Should I receive dental treatment while I’m pregnant?

Dentists recommend that major dental treatments that aren’t urgent be postponed until after your child is born. The first trimester, the stage of pregnancy in which most of the baby’’ organs are formed, is the most crucial to your baby’’ development, so it is best to have procedures performed during the second trimester to minimise any potential risk.

If I do need treatment, what drugs are safe?

If you need to have dental work done during your pregnancy, research has shown that some acceptable antibiotics include penicillin, amoxicillin and clindamycin but avoid tetracycline, which can cause discoloration of your child’s temporary and permanent teeth.

What if I’m hungry between meals?

During pregnancy, many women have the desire to eat between meals. While this is a normal urge, frequent snacking on carbohydrate-containing foods can be an invitation to tooth decay. The decay process begins with plaque, an invisible sticky layer of harmful bacteria that constantly forms on the teeth. The bacteria convert sugar and starch that remain in the mouth to acid that attacks tooth enamel. The longer sugars are retained in your mouth, the longer the acids attack. After repeated attacks, tooth decay can result.

Eat nutritious, well-balanced meals made up of foods from the five major food groups: bread cereals and other grains; fruits; vegetables; meat; fish; poultry and protein alternatives and more yoghurt and cheese. Try to resist the urge to snack constantly. When you need a snack, choose foods that are nutritious for you and your baby such as raw fruits and vegetables and dairy products.

(source: via @realkayls at

What can I do to keep my mouth healthy during pregnancy?

To help prevent tooth decay and periodontal disease, brush your teeth thoroughly twice a day with fluoride toothpaste to remove plaque. Be sure to clean between your teeth daily with dental floss or interdental cleaners.

What if I’m pregnant and need a dental x-ray?

As a general rule we attempt to avoid x-rays and treatment requiring x-rays until after the baby is born. However, an x-ray may be needed for dental treatment or a dental emergency that can’t wait until after the baby is born. Untreated dental infections can pose a risk to the foetus, and dental treatment may be necessary to maintain the health of the mother and child. Radiation from dental x-rays is extremely low. However, every precaution is taken to minimise radiation exposure. A lead apron minimises exposure to the abdomen and should be used when any dental x-ray is taken.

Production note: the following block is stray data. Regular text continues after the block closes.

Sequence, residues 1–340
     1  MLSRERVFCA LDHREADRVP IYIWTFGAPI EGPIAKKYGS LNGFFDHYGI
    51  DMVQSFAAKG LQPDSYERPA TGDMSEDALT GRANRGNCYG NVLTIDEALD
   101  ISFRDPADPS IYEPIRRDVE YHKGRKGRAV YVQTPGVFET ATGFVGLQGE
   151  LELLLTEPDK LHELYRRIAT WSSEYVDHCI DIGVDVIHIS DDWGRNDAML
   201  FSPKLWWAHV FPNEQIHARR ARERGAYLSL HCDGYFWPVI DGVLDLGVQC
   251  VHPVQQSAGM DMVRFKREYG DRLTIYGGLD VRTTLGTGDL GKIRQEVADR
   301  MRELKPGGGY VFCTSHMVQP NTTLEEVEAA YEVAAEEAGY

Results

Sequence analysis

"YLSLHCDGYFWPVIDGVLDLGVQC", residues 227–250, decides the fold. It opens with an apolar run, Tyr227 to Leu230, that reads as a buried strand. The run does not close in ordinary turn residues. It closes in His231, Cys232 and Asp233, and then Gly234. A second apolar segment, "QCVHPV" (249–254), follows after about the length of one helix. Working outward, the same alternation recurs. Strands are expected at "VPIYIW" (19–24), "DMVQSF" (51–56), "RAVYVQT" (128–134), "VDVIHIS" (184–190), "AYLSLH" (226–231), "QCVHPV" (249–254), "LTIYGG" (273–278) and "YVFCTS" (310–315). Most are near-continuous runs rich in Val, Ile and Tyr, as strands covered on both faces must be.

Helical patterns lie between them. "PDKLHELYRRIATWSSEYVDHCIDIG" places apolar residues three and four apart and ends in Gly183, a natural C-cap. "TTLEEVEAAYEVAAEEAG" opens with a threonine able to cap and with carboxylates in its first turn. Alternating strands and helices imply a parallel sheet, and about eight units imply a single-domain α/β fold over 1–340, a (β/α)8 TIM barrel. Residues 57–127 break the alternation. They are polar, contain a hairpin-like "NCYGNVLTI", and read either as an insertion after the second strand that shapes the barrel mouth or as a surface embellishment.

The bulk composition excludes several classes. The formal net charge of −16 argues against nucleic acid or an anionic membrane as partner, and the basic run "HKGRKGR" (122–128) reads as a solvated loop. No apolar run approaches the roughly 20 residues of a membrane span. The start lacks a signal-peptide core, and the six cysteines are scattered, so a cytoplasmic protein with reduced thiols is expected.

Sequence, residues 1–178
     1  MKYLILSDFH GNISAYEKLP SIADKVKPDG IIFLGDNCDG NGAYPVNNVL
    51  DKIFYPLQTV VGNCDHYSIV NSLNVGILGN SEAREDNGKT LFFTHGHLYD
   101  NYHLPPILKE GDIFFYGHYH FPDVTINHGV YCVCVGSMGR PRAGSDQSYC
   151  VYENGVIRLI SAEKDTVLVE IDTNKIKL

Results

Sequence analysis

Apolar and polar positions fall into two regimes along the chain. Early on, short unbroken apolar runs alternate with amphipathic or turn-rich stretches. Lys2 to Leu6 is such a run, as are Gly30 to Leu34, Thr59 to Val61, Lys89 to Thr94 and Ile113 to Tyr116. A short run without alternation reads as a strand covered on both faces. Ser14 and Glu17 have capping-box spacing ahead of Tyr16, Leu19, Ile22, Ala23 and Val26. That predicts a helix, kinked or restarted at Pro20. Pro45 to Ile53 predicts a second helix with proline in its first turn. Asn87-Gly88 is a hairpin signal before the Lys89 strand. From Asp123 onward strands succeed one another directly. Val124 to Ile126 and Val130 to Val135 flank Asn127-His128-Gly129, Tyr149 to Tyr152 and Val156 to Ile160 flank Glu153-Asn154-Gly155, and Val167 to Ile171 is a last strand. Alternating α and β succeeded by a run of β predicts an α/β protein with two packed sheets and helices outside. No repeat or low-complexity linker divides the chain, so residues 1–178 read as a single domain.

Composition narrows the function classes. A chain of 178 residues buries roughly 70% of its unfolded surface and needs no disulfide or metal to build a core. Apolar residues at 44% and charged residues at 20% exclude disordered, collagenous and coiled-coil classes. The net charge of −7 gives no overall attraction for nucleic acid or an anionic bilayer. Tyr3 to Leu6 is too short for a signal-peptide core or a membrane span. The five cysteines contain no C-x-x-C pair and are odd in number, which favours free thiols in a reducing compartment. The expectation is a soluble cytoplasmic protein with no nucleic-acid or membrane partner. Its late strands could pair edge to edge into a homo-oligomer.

What is Temporomandibular Disorder (TMD)?

What is Temporomandibular Disorder (TMD)?

Temporomandibular disorder relates to pain and dysfunction as a result of a problem with the jaw, jaw joint and/ or surrounding facial muscles that control chewing and jaw movement. TMD results in a large range of symptoms that vary for each individual and can include:

  • Significant face and neck pain
  • Headaches
  • Damaged teeth and tooth pain
  • Stiff/sore jaw muscles
  • Limited mouth opening
  • Neck and shoulder pain
  • Ear pain and ringing in the ears (tinnitus)
  • Painful clicking
  • Popping, clicking or grating of the jaw

In many cases, the exact cause of TMD is not clear, but Dentists often believe that symptoms often arise from problems with muscles of the jaw or parts of the jaw itself. Other contributing factors can include:

  • Injury to the jaw, TMJ, nerves or muscles of the head and neck e.g heavy blow, whiplash
  • Day and night grinding or clenching the teeth resulting in a lot of pressure on the joint (Bruxism)
  • Presence of osteo or rheumatoid arthritis in the TMJ
  • Emotional/ psychological stress
  • Sleep disorders and breathing difficulties
  • Dislocation of the soft cushion or disc between the ball and socket of the jaw

How can TMD be treated?

There are several options to consider when discussing with your dentist. Your dentist will assess all aspects of your condition and help you determine the most appropriate choice for your individual condition. Available treatment options address different aspects of the condition depending on the case and they vary in cost, complexity and the expected results, including how long results last and potential complications. While no single treatment has proved universally effective for all patients, our aim is to treat patients holistically. Current treatment options include:

  • Relaxation/ Anti-inflammatory medication
  • Oral appliances called splints or bite guards
  • Massage/ Manipulation/ Exercise of the TMJ and associated muscles
  • Muscle relaxant injections (also known as Botox, Dysport) into the muscles of mastication
  • Orthodontics (braces) and dental work/ adjustment